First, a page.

中国已经成为仅次于美国的世界第二大创业投资市场，虽然份额只有美国的 1/4、硅谷的 1/2，但对于一个仅仅发展了 5-10 年的市场来说，这已经是一个很大的成就，也表明中国在世界资本市场的重要性和影响力正日益凸显。
在过去的几年，一些美国顶尖 VC 都在中国组建团队，并专注于使用美元主导的基金投资中国的企业。中国政府也授权很多省市级政府在新设立的人民币主导的基金、担任有限合伙人，并予以资金方面的支持。这两个因素的结合带来了过去几年中国创业投资市场的高速发展。
我预计中国的创业投资市场会在未来几年持续保持高速增长，并且很可能在 3-5 年内达到美国市场一半的份额。将会出现越来越多的人民币基金，随着专业创业投资人才的引进和本地人才的成长，会有更多新的本地管理团队诞生。
在现阶段，真正的早期投资还没有引起足够的重视，因为中国目前创业投资行业的关注点仍在成长期和 IPO 之前的投资。但在未来的 3-5 年，早期阶段的投资会引起更多的重视，特别是创新工场目前活跃的消费互联网、移动互联网、云计算等领域。
孵化器是为创业企业提供有形或无形的孵化服务和种子基金的公司。孵化服务一般包括法务、财务、人力和 IT 等方面，种子基金的数额在 1 万美元到 10 万美元之间。一些孵化器会有限定时间的孵化项目（比如 Ycombinator，TechStars，创新工场助跑计划），一些孵化器会向创业企业提供出租场地（比如 PlugAndPlay）。孵化器会通常会提供各种指导，而想接触孵化项目的天使投资人和早期 VC 也会经常地拜访孵化器。在选择孵化器时最重要的标准就是看其可以提供的帮助和资源，而这取决于孵化器的管理团队和员工。
天使投资人是富裕的个人，使用自有资金进行投资，每个人的每笔投资额一般在 1万到 100 万美元之间。相比 VC，天使投资人的投资决策更加灵活和迅速，投资条款也更为宽松。一个天使投资人不一定是专业的投资者，作为创业企业的首个外部投资人，他们往往把投资作为“爱好”或是出于帮助创业者的目的，不仅仅是为了获得投资回报。天使投资人一般投资本地的创业企业，互相信任的天使投资人之间往往联合一起投资。天使投资人非常关心所投资公司，并且和团队的创始人以及其它成员建立良好的个人关系。他们会向所投资公司提供建议和个人关系网络，以及合适的行业知识。
风险投资（VC）是使用别人的资金进行专业投资的机构。大多数的企业不会使用风险投资资金，对企业解决资金问题来说，风险投资只是众多选项之一。但是很多成功的科技创业企业最终都使用了风险投资的资金。每一笔风险投资的投资额一般在 50万到 2000 万美元之间。风险投资（VC）的投资决策会更为谨慎，投资条款也更为严格。
典型的早期阶段的风险投资（VC），投资条款一般包括以下内容：10 年期有限合伙资格；有限合伙人提供资本，并要求 30% 的内部收益率；管理合伙人进行投资，履行找项目、尽职调查、交易构建和投资后管理的职责；管理合伙人和有限合伙人以 1:4 的比例分享附带收益；通常情况下，有限合伙人会向管理合伙人支付每年 2% 的管理费。
创新工场是一种混合模式。一方面，创新工场是一个“手把手”的孵化器，为创业者提供场地，并为不同类型的创业者提供助跑计划、加速计划、创业家计划等不同的孵化项目。另一方面，创新工场也会选择性地为它孵化的项目提供早期阶段的资金，尤其是天使和 A 轮融资。
- 早期投资者：有一个天使投资人的群体和早期 VC。
“Smart Money”: “附加值”才是最重要的选择标准。创业者不仅仅要关注投资本身，更要关注投资者是否可以提供资金之外的帮助。要关注普通合伙人的背景和行业知识，以及是否可以和投资者已经投资的企业产生协同效应，也可以参考那些同领域的其他企业成功的案例。尽职调查虽然是一个复杂的过程，但会很有帮助。
ifanr: How about the current Chinese VC market condition at the moment?
The Chinese VC market is already the 2nd largest VC market in the world but, to put things into perspective, it is still only about ¼ of the U.S. equivalent (or ½ of Silicon Valley, if you prefer). This is already a major achievement for China, as it has happened only in the past 5-10 years, and it portrays fairly accurately the Chinese market’s importance and influential role in the global venture market.
It is of no surprise therefore that several of the top-tier VC firms in the U.S. have, in the past few years, built teams in China and raised China-specific USD denominated funds. Or, that the Chinese government has empowered and financed a lot of the provincial or city-level governments to act as Limited Partners (LPs) for newly-setup RMB denominated funds. The combination of these 2 factors has fuelled even further growth in
the past couple of years in the China VC industry.
ifanr: What kind of factors makes the U.S. VC market success, especially in Silicon Valley from your viewpoint?
There are several factors that are important in creating a vibrant early stage ecosystem, such as Silicon Valley in the U.S., but the most critical in my opinion are the following:
The sophistication and culture of the entrepreneurs, including their appetite for risk and reaction to failure. In the U.S., entrepreneurs truly understand and accept start-up risks and potential failure. If a venture is not progressing as planned, or it fails, the entrepreneurs are likely to learn from it and move on to a new venture. Iteration cycles are short and failure is usually considered to be a constructive experience.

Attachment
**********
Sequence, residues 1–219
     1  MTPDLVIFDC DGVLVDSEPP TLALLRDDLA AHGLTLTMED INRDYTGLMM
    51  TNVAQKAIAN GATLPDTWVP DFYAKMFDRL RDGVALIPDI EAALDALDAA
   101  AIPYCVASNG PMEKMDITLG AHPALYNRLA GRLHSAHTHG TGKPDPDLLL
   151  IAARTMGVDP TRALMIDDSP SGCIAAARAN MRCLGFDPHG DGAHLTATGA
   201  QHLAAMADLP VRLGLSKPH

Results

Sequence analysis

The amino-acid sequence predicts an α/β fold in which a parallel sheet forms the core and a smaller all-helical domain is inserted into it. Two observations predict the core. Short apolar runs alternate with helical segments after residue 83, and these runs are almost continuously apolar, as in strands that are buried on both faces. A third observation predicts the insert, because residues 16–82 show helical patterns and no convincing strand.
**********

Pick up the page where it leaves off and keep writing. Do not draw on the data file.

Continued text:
What I call the “recirculation” effect, that is the fact that in such ecosystems most (if not all) of the capital, talent, know-how, etc. that is created from the various ventures goes back into the ‘system’ thus creating an ever-growing and ever-powerful pool. For example, successful entrepreneurs when they exit they can become serial entrepreneurs, or they become angel investors and invest the money they have made, or they become VCs, or the become advisors and mentors to other start-ups, or combination of some of the above. This in the Silicon Valley has been happening for some decades already, but in China this is a new phenomenon that only just started. We are still at the 1st such generation.
Language. As strange as it may sound, one of the key success factors of the Silicon Valley is the fact that it has managed to accumulate some of the best, brightest and most talented people from all over the world to go work and create there. This was made possible by the English language facilitating all communications.
If you think of the Chinese early stage ecosystem by comparison, language is still a barrier that will dissuade a lot of top talent from coming here.
ifanr: How about the future of Chinese VC market and what kind of feature it has presented right now?
I expect the Chinese VC market to continue growing rapidly in the coming years and potentially reach 50% of the U.S. market within the next 3-5 years. There will be increasingly more and more RMB funds and several new, much more local management teams, as venture management expertise will be transferred to and also gradually developed by local managers.
At the moment there is very little attention to truly early stage investments, as the focus of the VC industry in China has so far been in the growth and pre-IPO stage of investments but in the next 3-5 years I expect more and more attention to early stage, especially in the fields that Innovation Works is currently active, i.e. consumer internet, mobile internet, cloud computing, etc.